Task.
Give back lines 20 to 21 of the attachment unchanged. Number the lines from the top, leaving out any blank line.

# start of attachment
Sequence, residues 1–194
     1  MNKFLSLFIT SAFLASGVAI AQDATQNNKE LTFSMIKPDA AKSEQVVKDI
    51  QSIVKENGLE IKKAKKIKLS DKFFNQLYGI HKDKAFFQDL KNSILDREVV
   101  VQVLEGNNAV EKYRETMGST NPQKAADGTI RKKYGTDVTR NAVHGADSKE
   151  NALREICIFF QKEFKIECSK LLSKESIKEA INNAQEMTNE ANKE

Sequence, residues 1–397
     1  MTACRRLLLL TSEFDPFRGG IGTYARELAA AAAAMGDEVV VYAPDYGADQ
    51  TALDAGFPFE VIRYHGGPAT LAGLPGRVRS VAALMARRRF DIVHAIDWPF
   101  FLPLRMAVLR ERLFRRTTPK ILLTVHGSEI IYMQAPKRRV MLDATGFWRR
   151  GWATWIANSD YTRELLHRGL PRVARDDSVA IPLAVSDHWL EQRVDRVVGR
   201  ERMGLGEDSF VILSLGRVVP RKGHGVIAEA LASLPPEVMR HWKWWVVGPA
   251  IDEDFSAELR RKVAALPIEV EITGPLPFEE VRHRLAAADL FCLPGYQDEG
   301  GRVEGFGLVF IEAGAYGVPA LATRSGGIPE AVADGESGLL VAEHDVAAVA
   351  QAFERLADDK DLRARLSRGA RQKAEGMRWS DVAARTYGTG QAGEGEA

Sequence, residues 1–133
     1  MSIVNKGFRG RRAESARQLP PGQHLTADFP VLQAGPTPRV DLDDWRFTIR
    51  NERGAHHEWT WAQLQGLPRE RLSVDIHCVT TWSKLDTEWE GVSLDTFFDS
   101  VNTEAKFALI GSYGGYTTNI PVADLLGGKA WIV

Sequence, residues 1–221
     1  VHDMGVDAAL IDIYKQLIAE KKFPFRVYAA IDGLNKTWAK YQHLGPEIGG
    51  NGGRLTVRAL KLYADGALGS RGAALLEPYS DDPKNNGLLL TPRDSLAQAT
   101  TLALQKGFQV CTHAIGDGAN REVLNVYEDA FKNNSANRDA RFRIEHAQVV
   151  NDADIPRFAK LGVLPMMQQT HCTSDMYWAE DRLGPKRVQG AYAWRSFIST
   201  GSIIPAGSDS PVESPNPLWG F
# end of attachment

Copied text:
     1  VHDMGVDAAL IDIYKQLIAE KKFPFRVYAA IDGLNKTWAK YQHLGPEIGG
    51  NGGRLTVRAL KLYADGALGS RGAALLEPYS DDPKNNGLLL TPRDSLAQAT